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Mithridate (Racine)

From Wikipedia, the free encyclopedia

Mithridate is a tragedy in five acts (with respectively 5, 6, 6, 7, and 5 scenes) in alexandrine verse by Jean Racine.

Background and history

First performed on January 13, 1673 at the Hotel de Bourgogne, Mithridates follows Bajazet and precedes Iphigénie in Racine's work. The subject is drawn from ancient history. Mithridates VI Eupator reigned over the kingdom of Pontus, around the Black Sea. Famous for having gradually accustomed to poisons through mithridatization, he long resisted the Romans. He finally killed himself after being betrayed by his own son.

Racine shows several episodes of the life of Mithridates in one day and, as usual, gives great importance to the amorous intrigues. However, the epic is still more prevalent than in other tragedies. In terms of style, the piece is distinguished by a large number of long speeches and monologues.

Mithridates was the favorite tragedy of another great king, Louis XIV. Over the centuries, the play has become increasingly rare on stage. Today, it is one of the least performed works of Racine. The play formed the basis for Mozart's opera Mitridate, re di Ponto (1770).


  • Act 1 - Xiphares, a son of Mithridates, has just learned of the death of his father and the risk of a future Roman victory. He fears a betrayal of his brother Pharnaces, who has always supported the Romans. Xiphares sees Monime, fiance of Mithridates, to whom he declares his love. Pharnaces then inherits the kingdom of his father and his fiance. We then learn that while Mithridates is not dead, he is very close. Xiphares and Pharnaces then enter into a pact to stand by each other.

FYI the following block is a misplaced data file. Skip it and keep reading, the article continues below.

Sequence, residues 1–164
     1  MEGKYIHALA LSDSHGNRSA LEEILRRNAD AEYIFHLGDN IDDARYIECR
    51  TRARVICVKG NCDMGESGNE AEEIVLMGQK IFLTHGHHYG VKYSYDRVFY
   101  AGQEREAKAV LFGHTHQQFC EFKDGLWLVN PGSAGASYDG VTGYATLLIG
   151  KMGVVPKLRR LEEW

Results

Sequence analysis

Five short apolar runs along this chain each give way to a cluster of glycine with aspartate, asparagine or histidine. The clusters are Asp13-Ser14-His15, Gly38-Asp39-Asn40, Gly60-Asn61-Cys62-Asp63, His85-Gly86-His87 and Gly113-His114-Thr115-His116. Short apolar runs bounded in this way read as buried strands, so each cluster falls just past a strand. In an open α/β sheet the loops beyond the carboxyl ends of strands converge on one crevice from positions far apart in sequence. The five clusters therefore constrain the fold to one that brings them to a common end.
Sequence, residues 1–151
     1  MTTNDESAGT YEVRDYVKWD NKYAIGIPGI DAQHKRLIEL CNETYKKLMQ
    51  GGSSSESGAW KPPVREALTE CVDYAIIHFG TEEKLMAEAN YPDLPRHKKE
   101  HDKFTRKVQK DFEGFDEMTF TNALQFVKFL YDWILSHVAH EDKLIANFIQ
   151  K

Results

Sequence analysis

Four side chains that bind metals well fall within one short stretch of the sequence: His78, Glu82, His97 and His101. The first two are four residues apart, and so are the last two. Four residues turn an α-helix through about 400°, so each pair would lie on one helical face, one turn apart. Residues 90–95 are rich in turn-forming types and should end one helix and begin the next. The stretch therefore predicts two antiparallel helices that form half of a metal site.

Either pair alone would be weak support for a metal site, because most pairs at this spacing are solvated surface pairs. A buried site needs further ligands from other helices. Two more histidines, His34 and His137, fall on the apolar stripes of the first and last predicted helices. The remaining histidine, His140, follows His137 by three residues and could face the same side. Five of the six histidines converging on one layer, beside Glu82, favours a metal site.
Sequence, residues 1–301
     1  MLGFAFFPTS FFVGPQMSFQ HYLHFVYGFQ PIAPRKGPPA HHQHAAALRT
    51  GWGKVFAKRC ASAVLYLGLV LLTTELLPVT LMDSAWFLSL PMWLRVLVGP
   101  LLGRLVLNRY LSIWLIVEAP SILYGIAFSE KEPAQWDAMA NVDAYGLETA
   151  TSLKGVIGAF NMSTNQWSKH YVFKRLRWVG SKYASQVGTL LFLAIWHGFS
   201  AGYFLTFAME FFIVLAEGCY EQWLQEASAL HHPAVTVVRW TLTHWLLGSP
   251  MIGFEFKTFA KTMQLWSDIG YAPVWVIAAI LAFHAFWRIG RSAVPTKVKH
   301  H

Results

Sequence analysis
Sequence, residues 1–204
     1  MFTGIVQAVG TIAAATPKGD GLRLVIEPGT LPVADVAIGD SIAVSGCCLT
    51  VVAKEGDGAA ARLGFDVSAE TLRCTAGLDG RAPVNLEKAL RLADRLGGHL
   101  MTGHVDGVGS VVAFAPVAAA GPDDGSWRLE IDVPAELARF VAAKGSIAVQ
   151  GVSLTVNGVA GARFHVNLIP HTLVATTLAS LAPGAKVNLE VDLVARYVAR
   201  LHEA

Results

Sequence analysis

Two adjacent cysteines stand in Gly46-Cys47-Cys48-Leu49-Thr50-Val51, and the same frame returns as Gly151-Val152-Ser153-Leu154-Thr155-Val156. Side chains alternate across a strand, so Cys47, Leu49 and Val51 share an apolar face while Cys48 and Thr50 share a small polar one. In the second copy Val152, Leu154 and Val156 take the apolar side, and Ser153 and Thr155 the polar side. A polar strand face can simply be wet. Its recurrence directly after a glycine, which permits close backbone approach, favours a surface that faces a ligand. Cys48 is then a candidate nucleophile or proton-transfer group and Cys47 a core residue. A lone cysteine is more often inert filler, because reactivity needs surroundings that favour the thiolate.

• Act 2 - Monime cannot find the strength to accommodate Mithridates as it should. The king receives a second confirmation of the treachery of his son Pharnaces. He announces his intention to run. Furthermore, Monima is forced to marry Mithridates, but is suspected to love Pharnaces. Monime finally tells Xiphares she loves him, but she is determined to follow the wishes of Mithridates.
  • Act 3 - Mithridates will attempt to invade Italy to strike the enemy's heart. Xiphares approves the project and wants to participate. Mithridates orders Pharnaces to marry the daughter of a Parthian king. Pharnaces refuses. Mithridates has him arrested and fears a betrayal of Xiphares. Xiphares's love is revealed. To set a trap, Mithridates tells Monime he wants her to marry Xiphares and her reaction is that she loves Xiphares.
  • Act 4 - Xiphares, who knows he has been discovered, wants to escape, but Monime reveals that there is another who showed their love to Mithridates. The latter decides to marry Monime before leaving for Italy in exchange for his forgiveness, but does not know whether to punish Xiphares or Monime, or neither. Meanwhile, Pharnaces reveals the plan of attack from Italy to the Romans, who have landed.
  • Act 5 - The Romans attack the palace. A servant brings Mithridates and Monime poison so that they can commit suicide and there is a rumor that Xiphares has died. Mithridates, who is defeated, is pierced by a sword in pardoning Monime. Xiphares, meanwhile, managed to repel the attack of the Romans. Before dying, Mithridates, proud of the final victory of his son, unites Monime and Xiphares and advise them to flee.

External links

This page was last edited on 3 December 2021, at 09:31
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